From BiblePortal Wikipedia

Charles Buck Theological Dictionary [1]

An assembly of persons for the worship of God,  Leviticus 23:1-44 : Numb. 28:   Exodus 12:16 . An assembly of the clergy for consultation upon matters ecclesiastical. As the parliament consists of two distinct houses, so does this convocation. the one called the upper house, where the archbishops and bishops sit severally by themselves; the other the lower house, where all the rest of the clergy are represented by their deputies.

The inferior clergy are represented by their proctors; consisting of all the deans and archdeacons; of one proctor for every chapter, and two for the clergy, of every diocese

in all, one hundred and forty-three divines, viz. twenty-two deans, fifty-three archdeacons, twenty-four prebendaries, and forty-four proctors of the diocesan clergy. The lower house chooses its prolocutor, who is to take care that the members attend, to collect their debates and votes, and to carry their resolutions to the upper house. The convocations is summoned by the king's writ, directed to the archbishop of each province, requiring him to summon all bishops, deans, archdeacons, &c. The power of the convocation is limited by a statute of Henry VIII. they are not to make any canons, or ecclesiastical laws, without the king's license; nor, when permitted, can they put them in execution but under several restrictions.

They have the examining and censuring all heretical and schismatical books and persons, &c; but there lies an appeal to the king in chancery, or to his delegates. The clergy in convocation, and their servants, have the same privileges as members of parliament. In 1665, the convocation of the clergy gave up the privilege of taxing themselves to the house of commons, in consideration of their being allowed to vote at the election of members for that house. Since that period they have been seldom allowed to do any business; and are generally prorogued from time to time till dissolved, a new convocation being generally called along with a new parliament.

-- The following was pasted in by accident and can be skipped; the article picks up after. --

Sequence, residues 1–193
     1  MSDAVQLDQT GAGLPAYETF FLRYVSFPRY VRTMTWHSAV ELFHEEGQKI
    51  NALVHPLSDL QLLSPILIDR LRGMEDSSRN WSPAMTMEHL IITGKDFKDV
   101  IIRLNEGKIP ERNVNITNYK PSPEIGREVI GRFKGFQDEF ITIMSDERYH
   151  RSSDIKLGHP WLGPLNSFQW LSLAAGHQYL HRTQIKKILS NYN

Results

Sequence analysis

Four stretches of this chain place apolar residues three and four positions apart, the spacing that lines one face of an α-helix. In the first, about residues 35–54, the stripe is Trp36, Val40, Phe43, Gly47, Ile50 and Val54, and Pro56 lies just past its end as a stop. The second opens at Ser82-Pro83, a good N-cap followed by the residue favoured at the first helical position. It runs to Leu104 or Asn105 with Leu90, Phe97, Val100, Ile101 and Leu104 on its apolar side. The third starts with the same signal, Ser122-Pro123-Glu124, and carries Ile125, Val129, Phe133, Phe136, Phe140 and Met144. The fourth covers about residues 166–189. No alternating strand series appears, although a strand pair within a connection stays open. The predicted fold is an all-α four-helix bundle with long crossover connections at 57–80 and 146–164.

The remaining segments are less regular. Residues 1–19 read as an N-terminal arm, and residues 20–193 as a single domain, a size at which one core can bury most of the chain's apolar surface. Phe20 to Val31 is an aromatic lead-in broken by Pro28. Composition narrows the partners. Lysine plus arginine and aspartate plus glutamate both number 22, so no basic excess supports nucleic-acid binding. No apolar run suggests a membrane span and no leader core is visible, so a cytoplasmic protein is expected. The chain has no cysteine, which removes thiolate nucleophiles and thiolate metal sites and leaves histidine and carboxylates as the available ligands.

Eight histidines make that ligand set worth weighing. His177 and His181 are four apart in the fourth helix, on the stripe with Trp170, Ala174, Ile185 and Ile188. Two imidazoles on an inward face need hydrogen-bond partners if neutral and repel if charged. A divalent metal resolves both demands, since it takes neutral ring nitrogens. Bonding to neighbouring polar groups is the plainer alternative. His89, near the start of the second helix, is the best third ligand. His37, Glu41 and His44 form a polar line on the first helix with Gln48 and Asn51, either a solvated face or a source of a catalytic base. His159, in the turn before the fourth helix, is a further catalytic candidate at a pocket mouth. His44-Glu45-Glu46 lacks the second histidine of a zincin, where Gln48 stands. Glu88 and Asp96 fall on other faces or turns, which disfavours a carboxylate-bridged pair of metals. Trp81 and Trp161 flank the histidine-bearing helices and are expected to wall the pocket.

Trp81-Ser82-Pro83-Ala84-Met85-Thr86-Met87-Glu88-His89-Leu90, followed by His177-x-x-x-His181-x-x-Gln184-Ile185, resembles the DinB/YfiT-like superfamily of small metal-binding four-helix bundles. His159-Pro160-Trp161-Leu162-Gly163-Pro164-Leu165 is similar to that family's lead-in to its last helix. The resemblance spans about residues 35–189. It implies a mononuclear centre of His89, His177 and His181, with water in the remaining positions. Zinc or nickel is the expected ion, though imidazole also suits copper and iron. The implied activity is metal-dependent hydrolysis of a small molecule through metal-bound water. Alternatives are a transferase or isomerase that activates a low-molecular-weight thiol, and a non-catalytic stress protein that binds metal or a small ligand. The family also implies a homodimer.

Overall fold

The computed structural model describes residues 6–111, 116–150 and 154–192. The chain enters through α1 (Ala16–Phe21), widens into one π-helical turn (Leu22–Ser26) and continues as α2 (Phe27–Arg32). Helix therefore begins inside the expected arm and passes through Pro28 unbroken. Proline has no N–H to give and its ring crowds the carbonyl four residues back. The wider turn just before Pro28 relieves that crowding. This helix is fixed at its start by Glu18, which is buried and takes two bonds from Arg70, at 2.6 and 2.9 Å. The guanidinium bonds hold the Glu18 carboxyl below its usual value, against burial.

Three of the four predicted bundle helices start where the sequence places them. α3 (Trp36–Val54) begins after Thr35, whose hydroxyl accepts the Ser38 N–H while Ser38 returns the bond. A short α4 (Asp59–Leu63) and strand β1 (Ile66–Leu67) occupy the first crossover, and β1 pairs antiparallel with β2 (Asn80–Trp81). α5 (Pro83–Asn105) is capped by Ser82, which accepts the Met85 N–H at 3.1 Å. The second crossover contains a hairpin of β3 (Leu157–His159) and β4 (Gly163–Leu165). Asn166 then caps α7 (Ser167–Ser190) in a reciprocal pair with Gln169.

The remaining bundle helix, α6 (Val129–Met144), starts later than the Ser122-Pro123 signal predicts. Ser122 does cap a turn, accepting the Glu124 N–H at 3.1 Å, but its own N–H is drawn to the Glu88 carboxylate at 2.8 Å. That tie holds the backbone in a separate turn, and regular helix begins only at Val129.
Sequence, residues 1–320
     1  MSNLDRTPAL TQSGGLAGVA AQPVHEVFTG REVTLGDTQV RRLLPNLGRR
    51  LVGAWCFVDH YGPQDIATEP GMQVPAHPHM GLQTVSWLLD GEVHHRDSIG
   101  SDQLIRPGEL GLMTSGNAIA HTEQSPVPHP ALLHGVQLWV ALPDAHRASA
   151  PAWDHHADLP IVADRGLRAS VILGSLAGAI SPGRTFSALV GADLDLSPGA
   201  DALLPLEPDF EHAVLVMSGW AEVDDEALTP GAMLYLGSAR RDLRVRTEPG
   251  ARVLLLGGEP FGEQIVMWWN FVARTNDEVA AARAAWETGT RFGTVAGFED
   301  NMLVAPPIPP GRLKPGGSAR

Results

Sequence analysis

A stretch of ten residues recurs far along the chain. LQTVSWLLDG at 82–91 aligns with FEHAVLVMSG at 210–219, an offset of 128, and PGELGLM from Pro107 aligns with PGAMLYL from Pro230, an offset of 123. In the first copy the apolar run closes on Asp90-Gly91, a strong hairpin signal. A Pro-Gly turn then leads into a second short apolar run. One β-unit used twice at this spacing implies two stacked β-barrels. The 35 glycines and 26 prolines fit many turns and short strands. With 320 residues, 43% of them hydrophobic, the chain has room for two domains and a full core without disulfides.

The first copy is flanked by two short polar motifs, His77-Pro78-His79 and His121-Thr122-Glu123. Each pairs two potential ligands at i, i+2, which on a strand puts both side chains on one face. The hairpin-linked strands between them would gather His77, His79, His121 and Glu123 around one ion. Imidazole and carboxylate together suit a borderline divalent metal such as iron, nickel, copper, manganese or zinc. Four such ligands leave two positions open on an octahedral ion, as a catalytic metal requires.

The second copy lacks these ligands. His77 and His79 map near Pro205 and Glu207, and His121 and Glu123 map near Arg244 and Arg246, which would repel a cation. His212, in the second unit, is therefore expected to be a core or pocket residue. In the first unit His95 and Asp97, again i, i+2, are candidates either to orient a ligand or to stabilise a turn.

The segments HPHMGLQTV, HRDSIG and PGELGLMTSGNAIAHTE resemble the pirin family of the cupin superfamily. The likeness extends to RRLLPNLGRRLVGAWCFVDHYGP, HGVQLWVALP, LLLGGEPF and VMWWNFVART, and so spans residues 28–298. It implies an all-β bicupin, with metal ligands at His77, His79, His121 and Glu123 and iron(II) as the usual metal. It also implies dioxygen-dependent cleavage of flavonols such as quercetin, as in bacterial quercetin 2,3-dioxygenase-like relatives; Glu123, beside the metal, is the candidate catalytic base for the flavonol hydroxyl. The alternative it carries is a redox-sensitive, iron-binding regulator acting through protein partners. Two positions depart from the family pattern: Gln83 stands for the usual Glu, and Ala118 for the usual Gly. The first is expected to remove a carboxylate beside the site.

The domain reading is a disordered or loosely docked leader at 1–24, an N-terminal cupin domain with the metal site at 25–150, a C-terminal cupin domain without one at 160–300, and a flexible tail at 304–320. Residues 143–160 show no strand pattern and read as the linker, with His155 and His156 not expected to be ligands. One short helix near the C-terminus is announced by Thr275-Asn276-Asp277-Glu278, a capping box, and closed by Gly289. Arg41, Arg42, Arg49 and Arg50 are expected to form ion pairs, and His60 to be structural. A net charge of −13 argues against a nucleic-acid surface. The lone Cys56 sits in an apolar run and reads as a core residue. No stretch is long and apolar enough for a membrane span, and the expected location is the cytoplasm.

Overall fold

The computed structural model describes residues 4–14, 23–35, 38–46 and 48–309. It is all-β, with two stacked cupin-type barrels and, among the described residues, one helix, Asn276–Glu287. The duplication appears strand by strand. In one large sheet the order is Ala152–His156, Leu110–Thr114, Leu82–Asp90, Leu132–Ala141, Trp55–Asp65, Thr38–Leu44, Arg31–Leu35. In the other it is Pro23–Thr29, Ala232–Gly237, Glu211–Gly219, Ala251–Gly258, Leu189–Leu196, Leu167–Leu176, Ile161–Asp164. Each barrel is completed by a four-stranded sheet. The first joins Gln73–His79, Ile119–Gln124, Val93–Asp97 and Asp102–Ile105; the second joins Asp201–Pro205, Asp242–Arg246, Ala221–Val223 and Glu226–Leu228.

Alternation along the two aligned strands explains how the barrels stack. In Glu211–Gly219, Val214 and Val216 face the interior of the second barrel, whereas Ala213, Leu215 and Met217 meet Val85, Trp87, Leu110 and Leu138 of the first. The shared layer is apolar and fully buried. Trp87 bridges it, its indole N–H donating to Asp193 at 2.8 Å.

King James Dictionary [2]

Convocation n. L.

1. The act of calling or assembling by summons. 2. An assembly.

In the first day there shall be a holy convocation.  Exodus 12 .

3. In England, an assembly of the clergy, by their representatives, to consult on ecclesiastical affairs. It is held during the session of parliament, and consists of an upper and lower house. In the upper house sit the archbishops and bishops in the lower house sit the inferior clergy, represented by their proctors, consisting of all the deans and arch-deacons, of one proctor for every chapter, and two for the clergy of every diocese, in all one hundred and forty-three divines, Twenty-two deans, fifty-three arch-deacons, twenty-four prebendaries, and forty-four proctors of the diocesan clergy. 4. An academical assembly, in which the business of the university is transacted.

Morrish Bible Dictionary [3]

'A calling together,' and always called 'holy.' The occasions called 'holy convocations' are specially given in  Leviticus 23 when the Feasts are recorded; they included the Sabbath, and ended with the Feast of Tabernacles. "These are the feasts of the Lord, which ye shall proclaim to be holy convocations, to offer an offering made by fire unto the Lord."   Leviticus 23:37 . It occurs also in  Exodus 12:16;  Numbers 28:18,25,26;  Numbers 29:1,7,12 . The same Hebrew word is translated 'assemblies' in  Isaiah 1:13;  Isaiah 4:5 .

Easton's Bible Dictionary [4]

 Leviticus 23:2,3 Exodus 12:16 Leviticus 23:7,8 Numbers 28:25 Leviticus 23:21 Leviticus 23:24 Numbers 29:1 Numbers 28:26 Leviticus 23:35,36 Leviticus 23:27 Numbers 29:7

Webster's Dictionary [5]

(1): (n.) An assembly or meeting.

(2): (n.) The act of calling or assembling by summons.

(3): (n.) An assembly of the clergy, by their representatives, to consult on ecclesiastical affairs.

(4): (n.) An academical assembly, in which the business of the university is transacted.

Smith's Bible Dictionary [6]